Why are cold-pressed juices so cherished? It’s because the cold-press process preserves the delicate, good-for-you antioxidants and micronutrients found the fruits and vegetables you’re pulverizing. Juices are already on our naughty list, as they tend to be high in sugar and low in digestion-slowing, blood-sugar-balancing fiber; however, juices get even worse when they’re shelf-stable. To make juices shelf-stable, companies pasteurize the product, which kills off any remaining semblance of a healthy drink.
You might think, “hey, isn’t that the same as chocolate milk?” But the answer, dear reader, is no. Brands like Yoo-Hoo are notchocolate milk by the FDA’s definition of the term because it’s not really milk. The first ingredient listed is water, followed by high fructose corn syrup and then isolated whey protein (from milk). The rest of the shelf-stable drink is some cocoa powder, dry milk powder, artificial flavors, corn syrup solids, and palm oil. If you’re not turned off by the ingredients, maybe the 19 grams of corn syrup (in a smaller-than-average 6.5-ounce serving) will deter you from sipping one of these drinks again.
Kombucha is a probiotic drink that’s teeming with live probiotic cultures that are beneficial for gut health. But if you buy your kombucha off a shelf—and not from the refrigerator—that’s a sign that what you’re about to drink isn’t the real stuff. These pasteurized drinks, like those from búcha, kill off all those naturally-occurring beneficial bacteria, and then further dilute the fermented drink by adding carbonated water.
Drink This! Instead: For the best brews, don’t miss our list of the best kombuchas.
Word to the wise: if a drink has the word “sweet” in its name, it’s probably not going to be great for you. Some bottled sweet teas, like Gold Peak’s Sweet Tea, contain 48 grams of sugar (or 96 percent of your daily value of added sugars) in one bottle. Meanwhile, grab a Large Sweet Tea at Sonic, and expect to slurp down 78 grams of the sweet stuff. Your blood sugar will be through the roof after downing that.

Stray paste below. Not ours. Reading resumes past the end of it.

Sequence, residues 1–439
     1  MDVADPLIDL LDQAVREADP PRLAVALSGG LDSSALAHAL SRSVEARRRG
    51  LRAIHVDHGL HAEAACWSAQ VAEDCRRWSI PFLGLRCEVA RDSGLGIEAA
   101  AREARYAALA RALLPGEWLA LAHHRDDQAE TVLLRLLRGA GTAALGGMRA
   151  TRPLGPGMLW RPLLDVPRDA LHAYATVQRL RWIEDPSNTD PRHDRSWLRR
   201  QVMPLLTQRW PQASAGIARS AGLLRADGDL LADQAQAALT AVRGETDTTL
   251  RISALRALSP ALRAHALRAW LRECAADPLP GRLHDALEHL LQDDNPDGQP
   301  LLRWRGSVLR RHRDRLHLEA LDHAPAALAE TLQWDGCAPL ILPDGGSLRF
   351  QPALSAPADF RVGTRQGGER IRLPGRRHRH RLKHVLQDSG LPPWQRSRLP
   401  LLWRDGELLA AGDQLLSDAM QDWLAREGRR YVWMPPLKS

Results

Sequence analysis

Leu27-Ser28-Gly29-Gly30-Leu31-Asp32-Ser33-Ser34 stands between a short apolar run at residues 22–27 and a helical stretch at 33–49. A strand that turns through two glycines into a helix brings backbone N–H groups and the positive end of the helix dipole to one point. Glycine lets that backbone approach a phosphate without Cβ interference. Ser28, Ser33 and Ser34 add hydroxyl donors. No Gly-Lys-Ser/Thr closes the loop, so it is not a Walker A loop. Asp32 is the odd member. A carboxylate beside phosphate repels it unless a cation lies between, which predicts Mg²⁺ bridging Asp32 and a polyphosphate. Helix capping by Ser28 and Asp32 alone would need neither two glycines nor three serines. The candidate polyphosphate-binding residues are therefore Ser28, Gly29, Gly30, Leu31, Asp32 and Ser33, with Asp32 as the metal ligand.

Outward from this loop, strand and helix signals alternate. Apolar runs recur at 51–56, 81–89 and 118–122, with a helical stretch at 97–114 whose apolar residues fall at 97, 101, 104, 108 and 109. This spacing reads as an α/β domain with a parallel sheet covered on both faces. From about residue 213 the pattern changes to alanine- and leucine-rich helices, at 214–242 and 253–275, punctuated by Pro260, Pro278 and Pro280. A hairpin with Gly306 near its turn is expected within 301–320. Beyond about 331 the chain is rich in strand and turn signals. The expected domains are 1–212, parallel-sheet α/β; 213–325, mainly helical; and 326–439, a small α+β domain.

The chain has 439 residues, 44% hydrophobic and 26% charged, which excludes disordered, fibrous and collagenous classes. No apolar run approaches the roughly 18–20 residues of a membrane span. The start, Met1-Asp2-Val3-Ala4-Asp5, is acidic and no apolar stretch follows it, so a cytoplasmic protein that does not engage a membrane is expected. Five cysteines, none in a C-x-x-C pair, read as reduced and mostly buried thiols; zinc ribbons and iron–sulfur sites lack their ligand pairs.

While a cup or two of coffee can do your body good, you may want to think twice before sizing up to a large or indulging in a fourth cup of Joe. The reason: Doing so may make your bone brittle. “I try to avoid excessive caffeine,” says Dr. Mamta M. Mamik, Assistant Professor of Obstetrics, Gynecology and Reproductive Science at the Icahn School of Medicine at Mount Sinai. “An adult can safely consume up to 400 milligrams of caffeine a day (which is equivalent to four 8-ounce cups of coffee), but drinking any more than that can cause calcium excretion, which, over time, may lead to osteoporosis. Avoiding excess caffeine also helps to ward off uncomfortable withdrawal symptoms like lethargy, insomnia, headaches, and irritability,” she adds.
What do cancer-causing artificial colors, flame retardants, and fat-causing fake sugars all have in common? They’re all in your favorite diet fizzy drinks. Shove all that into a bottle laced with BPA, a chemical that’s been linked to obesity, and you’ve pretty much got one of the worst drinks ever. Nearly all popular diet sodas contain aspartame, an artificial sweetener that was initially developed to aid weight loss, but that has recently been found to have the opposite effect.
“Sugar substitutes like aspartame are designed to promote weight loss and decrease the incidence of metabolic syndrome, but a number of clinical and epidemiologic studies have suggested that these products don’t work very well and may actually make things worse,” says Richard Hodin, MD, lead author of a recent study on the matter.
Drink This! Instead: Water is always a safe choice, as are these healthy soda alternatives.